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Sad Legacy

Government corruption casts a long shadow

No doubt the federal investigation of Gov. Jim Justice’s relationship with state government was a burden on his mind. It may have distracted him from handling the public’s business, at least to an extent. And, almost undoubtedly, it cost him some money.

Still, we have to disagree with one of his attorneys, George Terwilliger, who announced Tuesday the federal probe is over. “This never should have happened,” Terwilliger told reporters.

But this is West Virginia, where corruption among public officials is, sad to say, virtually a part of our culture. Need we remind anyone that two of the five justices of the state Supreme Court were found guilty of misusing their positions for public gain?

Justice’s business empire includes more than 90 different companies, some of them doing business with the state and affected by state policy. It was not unnatural for federal officials to look into whether Justice’s position as governor resulted in inappropriate benefits for his enterprises.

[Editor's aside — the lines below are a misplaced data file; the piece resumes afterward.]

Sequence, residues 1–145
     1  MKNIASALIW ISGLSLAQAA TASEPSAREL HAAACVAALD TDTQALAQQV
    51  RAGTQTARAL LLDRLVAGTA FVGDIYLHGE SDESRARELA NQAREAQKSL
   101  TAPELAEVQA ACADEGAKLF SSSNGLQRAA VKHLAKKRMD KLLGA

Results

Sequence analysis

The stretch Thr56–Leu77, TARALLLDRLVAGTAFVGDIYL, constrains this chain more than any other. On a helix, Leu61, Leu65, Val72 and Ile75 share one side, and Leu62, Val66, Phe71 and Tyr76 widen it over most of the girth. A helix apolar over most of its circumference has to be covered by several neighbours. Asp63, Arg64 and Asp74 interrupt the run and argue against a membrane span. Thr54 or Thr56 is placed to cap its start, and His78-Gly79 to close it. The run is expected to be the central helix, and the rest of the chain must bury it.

They found no wrongoing, Terwilliger, flanked by two other attorneys, announced Tuesday.

“The Justices are good people who strive to do the right things for the right reasons. They deserve to be free of the cloud that this investigation has put over them,” Terwilliger said.

That probe cost both the governor and others money, he added. It “cost people in private business their jobs when business partners pulled back upon hearing news of the investigation,” he added.

Let us hope that changes for the better, and soon.

Still, West Virginia’s record for public corruption wrongdoing by both local and state officials made the governor an obvious target. It was almost as if our state’s heritage requires investigations to prove a negative, that some public officials are not corrupt.

How sad is that?